Breed characteristics:

A large breed, white in colour with a minimum of one distinct black spot. It has lop ears which will almost cover the face of a mature pig and hang towards the nose.

A good example of an adult GOS sow

Head: Long length with a slightly dished nose. The ears should be well set apart, dropping forward to the nose.

Body: The shoulders should be fine but not raised. A long level back with well sprung ribs and a broad loin are desirable. Deep sides, with a thick, full belly and flank from the ribs to hams are standard.

Hams: Large and well filled to the hocks.

Legs: Straight and strong.

Skin and Coat: Skin should not show coarseness or wrinkles. The hair should be silky and straight.

Teats: There should be at least 14 well-placed teats.


Ears: Short, thick and elevated.

Coat: A rose disqualifies. A line of mane bristles is objectionable. Sandy colour may disqualify.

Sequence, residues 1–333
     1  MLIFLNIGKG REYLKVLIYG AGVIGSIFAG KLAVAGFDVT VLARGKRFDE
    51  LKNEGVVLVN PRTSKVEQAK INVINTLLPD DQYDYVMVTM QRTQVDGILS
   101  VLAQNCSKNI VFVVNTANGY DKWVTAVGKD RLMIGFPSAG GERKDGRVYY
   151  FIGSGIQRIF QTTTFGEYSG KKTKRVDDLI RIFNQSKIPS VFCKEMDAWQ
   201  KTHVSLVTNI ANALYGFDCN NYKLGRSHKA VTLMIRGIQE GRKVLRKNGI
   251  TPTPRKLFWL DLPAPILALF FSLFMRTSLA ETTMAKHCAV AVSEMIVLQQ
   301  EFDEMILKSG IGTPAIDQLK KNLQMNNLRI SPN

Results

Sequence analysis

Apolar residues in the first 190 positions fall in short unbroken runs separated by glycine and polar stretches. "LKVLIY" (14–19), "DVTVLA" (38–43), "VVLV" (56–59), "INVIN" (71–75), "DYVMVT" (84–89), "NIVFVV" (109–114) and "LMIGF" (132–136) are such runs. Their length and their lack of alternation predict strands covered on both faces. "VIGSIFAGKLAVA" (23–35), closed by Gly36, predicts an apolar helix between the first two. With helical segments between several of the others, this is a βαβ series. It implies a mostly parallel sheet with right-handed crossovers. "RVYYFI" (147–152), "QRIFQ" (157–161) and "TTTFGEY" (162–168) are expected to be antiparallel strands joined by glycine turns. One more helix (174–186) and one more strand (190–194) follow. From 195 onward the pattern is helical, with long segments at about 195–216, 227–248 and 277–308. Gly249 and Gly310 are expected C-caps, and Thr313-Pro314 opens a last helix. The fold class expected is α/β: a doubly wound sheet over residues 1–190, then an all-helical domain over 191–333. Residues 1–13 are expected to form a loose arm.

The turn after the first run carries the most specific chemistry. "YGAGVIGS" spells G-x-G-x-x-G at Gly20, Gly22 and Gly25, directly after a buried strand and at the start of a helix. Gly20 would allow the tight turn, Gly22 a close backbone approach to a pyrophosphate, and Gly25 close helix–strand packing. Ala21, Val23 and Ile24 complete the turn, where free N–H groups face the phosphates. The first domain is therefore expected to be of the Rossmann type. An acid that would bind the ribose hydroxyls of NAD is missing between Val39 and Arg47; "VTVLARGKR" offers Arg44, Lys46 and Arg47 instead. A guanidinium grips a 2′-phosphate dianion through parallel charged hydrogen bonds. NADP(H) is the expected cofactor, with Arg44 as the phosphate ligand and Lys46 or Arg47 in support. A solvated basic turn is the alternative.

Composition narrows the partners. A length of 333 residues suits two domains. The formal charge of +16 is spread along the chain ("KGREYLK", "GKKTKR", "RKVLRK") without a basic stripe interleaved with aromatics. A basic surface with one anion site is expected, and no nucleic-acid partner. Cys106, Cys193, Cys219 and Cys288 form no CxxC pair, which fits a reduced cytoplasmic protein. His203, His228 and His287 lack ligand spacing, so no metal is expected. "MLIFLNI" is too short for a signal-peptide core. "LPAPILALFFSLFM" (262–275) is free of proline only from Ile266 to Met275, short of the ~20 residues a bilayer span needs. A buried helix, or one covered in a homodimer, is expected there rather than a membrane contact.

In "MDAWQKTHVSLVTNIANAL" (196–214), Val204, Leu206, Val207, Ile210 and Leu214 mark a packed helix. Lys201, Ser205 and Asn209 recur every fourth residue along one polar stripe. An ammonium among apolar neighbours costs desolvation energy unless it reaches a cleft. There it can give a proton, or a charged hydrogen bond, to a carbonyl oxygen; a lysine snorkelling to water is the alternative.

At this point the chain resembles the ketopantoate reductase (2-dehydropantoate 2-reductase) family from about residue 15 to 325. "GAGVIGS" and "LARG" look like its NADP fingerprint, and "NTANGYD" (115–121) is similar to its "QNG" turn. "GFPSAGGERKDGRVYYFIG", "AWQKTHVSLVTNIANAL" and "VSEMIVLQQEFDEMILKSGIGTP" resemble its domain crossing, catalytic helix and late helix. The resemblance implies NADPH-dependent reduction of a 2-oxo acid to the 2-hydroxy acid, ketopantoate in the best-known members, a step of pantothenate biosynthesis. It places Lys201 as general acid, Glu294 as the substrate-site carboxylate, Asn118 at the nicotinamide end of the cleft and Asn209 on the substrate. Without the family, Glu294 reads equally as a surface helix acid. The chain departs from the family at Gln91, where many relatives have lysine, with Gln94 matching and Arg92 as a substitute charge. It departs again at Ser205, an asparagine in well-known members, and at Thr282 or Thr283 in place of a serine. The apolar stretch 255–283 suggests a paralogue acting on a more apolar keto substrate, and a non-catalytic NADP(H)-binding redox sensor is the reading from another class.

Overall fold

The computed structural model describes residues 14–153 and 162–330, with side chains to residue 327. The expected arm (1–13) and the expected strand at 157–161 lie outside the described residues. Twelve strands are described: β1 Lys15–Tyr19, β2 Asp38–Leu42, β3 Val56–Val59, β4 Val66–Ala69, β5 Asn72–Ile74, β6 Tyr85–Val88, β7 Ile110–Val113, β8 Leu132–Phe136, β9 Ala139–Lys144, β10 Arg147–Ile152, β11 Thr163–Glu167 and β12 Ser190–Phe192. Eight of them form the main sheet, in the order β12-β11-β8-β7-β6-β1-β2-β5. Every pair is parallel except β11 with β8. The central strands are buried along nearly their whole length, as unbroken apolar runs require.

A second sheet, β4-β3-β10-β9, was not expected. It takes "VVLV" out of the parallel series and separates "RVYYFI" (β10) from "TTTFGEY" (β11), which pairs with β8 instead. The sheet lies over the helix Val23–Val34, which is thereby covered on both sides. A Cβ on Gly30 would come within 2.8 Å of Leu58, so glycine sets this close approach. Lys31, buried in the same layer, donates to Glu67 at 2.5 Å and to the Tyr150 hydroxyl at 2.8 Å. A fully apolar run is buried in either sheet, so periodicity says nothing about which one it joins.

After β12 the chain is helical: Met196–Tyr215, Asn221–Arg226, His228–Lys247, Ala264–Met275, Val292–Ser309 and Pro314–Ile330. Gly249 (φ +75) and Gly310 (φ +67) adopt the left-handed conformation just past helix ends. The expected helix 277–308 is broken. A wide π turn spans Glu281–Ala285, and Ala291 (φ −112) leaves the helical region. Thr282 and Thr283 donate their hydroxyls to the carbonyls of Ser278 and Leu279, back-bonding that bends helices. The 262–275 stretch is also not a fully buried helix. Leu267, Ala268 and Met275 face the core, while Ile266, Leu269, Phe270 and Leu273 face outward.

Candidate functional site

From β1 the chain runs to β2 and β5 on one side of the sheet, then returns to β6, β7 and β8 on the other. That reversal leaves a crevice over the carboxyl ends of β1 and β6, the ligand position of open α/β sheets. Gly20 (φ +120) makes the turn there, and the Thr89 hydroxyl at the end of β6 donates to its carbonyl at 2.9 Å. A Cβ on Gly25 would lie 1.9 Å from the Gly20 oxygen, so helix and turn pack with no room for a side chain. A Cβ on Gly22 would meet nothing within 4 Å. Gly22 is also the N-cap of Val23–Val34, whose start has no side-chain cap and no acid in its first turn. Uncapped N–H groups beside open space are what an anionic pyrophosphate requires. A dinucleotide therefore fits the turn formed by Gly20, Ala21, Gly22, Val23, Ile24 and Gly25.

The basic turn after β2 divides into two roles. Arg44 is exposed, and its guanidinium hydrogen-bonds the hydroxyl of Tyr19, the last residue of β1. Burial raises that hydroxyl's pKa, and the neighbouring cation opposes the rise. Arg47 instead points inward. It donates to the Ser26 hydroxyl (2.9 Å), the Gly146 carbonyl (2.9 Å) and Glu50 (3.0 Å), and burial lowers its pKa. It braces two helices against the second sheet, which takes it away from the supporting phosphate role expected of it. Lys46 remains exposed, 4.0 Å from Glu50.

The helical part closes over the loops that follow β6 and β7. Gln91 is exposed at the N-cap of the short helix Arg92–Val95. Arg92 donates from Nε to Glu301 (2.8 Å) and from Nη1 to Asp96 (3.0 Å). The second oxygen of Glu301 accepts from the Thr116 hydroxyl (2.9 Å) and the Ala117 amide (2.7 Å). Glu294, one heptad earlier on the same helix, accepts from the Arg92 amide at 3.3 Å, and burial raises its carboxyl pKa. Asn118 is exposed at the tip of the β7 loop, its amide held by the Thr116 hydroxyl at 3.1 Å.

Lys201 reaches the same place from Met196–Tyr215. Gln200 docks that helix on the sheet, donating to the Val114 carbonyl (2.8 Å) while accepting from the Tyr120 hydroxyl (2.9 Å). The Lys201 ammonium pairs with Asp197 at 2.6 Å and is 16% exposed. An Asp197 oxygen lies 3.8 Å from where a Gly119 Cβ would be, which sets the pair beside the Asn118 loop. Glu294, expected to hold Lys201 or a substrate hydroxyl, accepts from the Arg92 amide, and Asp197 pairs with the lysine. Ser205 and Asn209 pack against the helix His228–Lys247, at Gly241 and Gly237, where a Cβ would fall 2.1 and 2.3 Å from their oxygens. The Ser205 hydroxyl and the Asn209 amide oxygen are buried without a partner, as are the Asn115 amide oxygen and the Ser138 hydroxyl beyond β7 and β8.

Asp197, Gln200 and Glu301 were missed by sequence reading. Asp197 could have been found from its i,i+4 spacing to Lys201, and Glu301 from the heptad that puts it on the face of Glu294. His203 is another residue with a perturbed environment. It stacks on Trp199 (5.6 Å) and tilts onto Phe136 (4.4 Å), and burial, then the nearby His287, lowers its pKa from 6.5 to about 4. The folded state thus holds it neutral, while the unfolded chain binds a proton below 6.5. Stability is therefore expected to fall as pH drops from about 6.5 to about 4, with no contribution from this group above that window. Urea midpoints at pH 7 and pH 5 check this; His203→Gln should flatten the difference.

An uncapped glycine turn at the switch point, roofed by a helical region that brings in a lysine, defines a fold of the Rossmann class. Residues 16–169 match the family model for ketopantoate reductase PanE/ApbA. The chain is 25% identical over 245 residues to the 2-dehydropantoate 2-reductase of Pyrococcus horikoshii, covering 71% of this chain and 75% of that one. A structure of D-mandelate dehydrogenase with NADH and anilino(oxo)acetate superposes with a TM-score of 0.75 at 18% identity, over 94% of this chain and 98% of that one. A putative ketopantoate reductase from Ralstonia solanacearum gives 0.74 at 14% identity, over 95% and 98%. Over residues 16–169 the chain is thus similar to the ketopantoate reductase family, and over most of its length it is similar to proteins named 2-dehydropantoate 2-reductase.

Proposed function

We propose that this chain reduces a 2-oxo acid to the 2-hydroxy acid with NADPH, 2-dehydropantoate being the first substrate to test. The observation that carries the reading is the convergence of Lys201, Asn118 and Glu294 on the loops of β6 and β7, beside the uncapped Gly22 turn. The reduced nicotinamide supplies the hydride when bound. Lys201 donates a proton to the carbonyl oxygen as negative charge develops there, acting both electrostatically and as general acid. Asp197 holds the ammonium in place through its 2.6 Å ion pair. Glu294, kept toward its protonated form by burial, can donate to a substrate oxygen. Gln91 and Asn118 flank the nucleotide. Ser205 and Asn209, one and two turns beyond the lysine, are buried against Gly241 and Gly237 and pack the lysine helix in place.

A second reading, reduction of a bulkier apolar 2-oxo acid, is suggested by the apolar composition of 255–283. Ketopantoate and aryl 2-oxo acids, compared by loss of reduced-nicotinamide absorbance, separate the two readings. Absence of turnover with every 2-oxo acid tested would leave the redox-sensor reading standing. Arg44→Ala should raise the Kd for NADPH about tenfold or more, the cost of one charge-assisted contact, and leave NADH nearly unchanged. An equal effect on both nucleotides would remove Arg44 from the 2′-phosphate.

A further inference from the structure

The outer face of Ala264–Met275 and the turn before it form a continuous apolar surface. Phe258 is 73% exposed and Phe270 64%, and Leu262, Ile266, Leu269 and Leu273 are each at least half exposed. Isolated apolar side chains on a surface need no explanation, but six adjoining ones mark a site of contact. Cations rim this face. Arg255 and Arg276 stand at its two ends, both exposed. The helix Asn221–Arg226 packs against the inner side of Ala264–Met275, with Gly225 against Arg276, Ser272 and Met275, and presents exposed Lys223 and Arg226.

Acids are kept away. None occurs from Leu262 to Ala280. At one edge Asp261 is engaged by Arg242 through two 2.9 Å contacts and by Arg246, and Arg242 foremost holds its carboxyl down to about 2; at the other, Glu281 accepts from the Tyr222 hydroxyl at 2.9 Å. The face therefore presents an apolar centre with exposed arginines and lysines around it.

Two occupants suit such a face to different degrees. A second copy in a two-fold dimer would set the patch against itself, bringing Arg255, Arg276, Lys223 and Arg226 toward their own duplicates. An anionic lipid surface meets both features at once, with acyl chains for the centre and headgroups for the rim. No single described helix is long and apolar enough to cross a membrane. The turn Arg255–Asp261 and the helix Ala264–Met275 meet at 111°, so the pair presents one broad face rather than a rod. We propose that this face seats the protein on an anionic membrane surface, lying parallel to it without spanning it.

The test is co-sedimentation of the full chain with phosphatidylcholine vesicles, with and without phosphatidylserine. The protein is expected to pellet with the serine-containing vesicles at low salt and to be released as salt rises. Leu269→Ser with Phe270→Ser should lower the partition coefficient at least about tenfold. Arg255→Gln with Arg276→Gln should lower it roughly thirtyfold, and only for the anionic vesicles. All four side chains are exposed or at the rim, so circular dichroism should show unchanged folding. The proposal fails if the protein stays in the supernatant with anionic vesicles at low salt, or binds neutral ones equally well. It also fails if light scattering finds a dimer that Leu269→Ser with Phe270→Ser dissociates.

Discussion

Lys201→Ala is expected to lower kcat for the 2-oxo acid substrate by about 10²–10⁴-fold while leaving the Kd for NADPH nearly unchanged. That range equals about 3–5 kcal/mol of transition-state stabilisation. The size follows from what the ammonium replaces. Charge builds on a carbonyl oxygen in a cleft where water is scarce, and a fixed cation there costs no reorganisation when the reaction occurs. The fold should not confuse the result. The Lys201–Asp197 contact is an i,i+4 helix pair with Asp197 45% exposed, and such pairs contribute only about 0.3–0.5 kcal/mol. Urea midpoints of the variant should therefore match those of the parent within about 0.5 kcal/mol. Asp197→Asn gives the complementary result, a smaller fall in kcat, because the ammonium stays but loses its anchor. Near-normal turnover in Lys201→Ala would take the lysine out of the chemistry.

Skin: Serious wrinkles. Blue undertone not associated with a spot.

Legs: Curved.

Neck: Heavy jowl objectionable.

Cultural references

The Uley Brewery,[11] a small independent based near Dursley in Gloucestershire, offers excellent ales such as Old Spot Prize Ale, Pig’s Ear, Hogs Head and their strongest, Pigor Mortis. The labels feature an illustration of a GOS pig.

Another alcoholic beverage featuring the GOS is Pig’s Nose Scotch Whisky from Spencerfield Spirit of HillendFifeScotland. According to the label

“Tis said that our Scotch is as soft and smooth as a pig’s nose”

However, it is noted that the pig featured on the label does not have standard GOS ears which droop downwards towards the nose.

A GOS boar helped the British war effort in 1914. The German Kaiser had ordered and paid for one of these fine specimens in 1914 but the First World War broke out just before it could be exported and so it was never sent. There was no record of the payment being returned…